‘The world still has much to learn’

This Yom HaShoah, the Jewish community and broader Ottawa community are invited to join in- person or via livestream, for an intergenerational commemoration held for the first time at the National Holocaust Memorial.

The service will take place on April 28 at 11 am and will honour and remember the six million Jews who perished in the Holocaust. 

“Teaching about the Holocaust is a cause that is very close to my heart,” said Anne Khazzam, who is among the speakers at the event. “As a former March of the Living participant, I visited several concentration camps in Poland, and have had the chance to befriend many Holocaust survivors. They have taught me so many valuable lessons on gratitude, strength, and resilience, which I am constantly incorporating into my daily life. I value the power that words can bring, and am honoured to have the ability to share my thoughts with my community.”

Khazzam’s message will include the importance of never forgetting the events of the Holocaust, and the rise of antisemitism in the world, while also mention the atrocities occurring in Ukraine.

“These are proof that the world still has much to learn,” said Khazzam about what’s happening in Ukraine. “I want a powerful message that sticks in the memories of those who will listen, and feel a stronger need to stand up for the Jewish people, and be more aware of the recent tragic history of the Holocaust.”

While Yom HaShoah is a somber day, the country has witnessed “incredible strides” recently toward making “never again” a reality, said Jewish Federation of Ottawa’s Director of Community Collaboration Anne Read.

“Last week’s federal budget forwarded by the Liberal Party made Holocaust denial a crime in Canada, and offered funding to the office of the Special Envoy on Preserving Holocaust Remembrance and Combatting Antisemitism in Canada,” said Read. “While there is much to do in terms of furthering the need for Holocaust education, this commemoration, which is intentionally intergenerational, reminds us of the importance of remembering those who were murdered in the Holocaust, and passing the legacy and lessons of the Shoah onto to the next generation.”

Khazzam hopes listeners leave the event with a feeling of hope — but also a feeling of the gravity of the Holocaust.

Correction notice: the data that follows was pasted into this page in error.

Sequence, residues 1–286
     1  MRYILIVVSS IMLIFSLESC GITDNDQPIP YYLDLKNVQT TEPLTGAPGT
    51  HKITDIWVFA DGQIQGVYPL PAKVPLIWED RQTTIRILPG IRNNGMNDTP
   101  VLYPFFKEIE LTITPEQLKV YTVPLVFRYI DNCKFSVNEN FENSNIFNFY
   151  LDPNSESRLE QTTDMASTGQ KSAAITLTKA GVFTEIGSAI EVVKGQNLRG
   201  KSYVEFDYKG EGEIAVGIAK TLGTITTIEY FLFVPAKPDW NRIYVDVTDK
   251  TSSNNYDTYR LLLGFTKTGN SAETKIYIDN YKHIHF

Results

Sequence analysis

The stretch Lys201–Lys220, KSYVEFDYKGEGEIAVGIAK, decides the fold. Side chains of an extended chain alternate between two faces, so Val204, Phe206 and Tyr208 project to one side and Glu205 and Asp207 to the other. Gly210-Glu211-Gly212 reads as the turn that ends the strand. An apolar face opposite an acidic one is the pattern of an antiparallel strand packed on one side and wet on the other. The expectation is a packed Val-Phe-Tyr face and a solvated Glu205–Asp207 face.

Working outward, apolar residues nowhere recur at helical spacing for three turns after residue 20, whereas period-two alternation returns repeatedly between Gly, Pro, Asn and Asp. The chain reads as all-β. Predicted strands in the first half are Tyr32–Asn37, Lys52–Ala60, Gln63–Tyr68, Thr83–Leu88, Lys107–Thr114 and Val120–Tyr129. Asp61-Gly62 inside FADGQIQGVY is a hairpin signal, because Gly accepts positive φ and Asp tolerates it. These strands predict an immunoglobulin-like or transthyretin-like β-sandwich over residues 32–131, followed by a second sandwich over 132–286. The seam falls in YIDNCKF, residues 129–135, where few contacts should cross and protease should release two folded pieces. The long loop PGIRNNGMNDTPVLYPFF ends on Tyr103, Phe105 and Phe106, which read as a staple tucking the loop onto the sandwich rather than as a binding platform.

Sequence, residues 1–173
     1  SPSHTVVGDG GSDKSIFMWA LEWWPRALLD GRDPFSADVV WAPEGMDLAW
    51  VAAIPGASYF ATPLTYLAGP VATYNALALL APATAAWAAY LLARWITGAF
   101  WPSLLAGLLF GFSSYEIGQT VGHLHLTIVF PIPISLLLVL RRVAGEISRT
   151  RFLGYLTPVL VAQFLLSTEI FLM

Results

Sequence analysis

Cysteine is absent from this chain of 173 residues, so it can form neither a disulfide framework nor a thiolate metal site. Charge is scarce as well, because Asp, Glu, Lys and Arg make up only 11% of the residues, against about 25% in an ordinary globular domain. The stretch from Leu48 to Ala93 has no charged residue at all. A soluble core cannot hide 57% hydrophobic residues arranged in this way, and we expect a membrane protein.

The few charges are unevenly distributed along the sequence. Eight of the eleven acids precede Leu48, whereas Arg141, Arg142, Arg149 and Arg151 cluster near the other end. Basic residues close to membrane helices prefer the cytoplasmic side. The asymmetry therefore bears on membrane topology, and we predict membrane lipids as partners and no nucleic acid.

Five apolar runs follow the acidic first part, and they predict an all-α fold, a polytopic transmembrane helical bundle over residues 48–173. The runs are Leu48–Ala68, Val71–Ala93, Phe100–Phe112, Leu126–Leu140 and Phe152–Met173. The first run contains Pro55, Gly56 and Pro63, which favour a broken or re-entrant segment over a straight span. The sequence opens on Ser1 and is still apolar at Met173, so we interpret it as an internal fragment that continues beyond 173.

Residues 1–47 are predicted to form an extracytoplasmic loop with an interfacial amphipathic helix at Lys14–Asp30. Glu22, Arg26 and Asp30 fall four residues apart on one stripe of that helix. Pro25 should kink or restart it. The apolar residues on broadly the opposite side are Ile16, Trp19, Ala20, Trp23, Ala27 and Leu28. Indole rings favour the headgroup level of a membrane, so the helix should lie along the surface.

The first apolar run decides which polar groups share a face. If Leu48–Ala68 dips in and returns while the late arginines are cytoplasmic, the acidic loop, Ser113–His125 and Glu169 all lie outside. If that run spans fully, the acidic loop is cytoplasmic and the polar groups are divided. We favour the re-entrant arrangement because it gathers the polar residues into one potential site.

“It should not be a light event, but it should also have a hopeful overall message,” she said. “I want to give people the confidence they can make a difference in the world, especially in the issues that will be brought up at the event.”

The program, which promises to be very moving,  will feature local Holocaust survivors; Michael Levitt, of the Simon Wiesenthal Centre; Shimon Fogel president and CEO of CIJA; representatives from the Embassy of Israel in Canada; Elder Claudette Commanda; Ian Sherman, Chair of the Board of Federation; various ambassadors and dignitaries; the Tamir choir; a representative of March of the Living (MOL); as well as students from both Jewish day schools. 

The event will be followed by an optional viewing of Yad VaShem’s exhibition Shoah: How was it Humanly Possible, on display at the Canadian War Museum, (across from the monument), which will be free and accessible to the public throughout the day.

Free transportation from the SJCC is being provided to and from the monument. Please note registration for all guests is required. 

The commemoration itself will be available via livestream for everyone who cannot attend in person. 

Registration and livestream information is available here: https://jewishottawa.redpodium.com/yom-hashoah-2022

The event is being held in partnership with the Azrieli Foundation; Canadian Heritage; the Canadian Society for Yad Vashem; The Centre for Israel and Jewish Affairs; The Embassy of Israel in Canada; the Jewish Federation of Ottawa; the National Capital Commission; and The National Holocaust Monument Committee.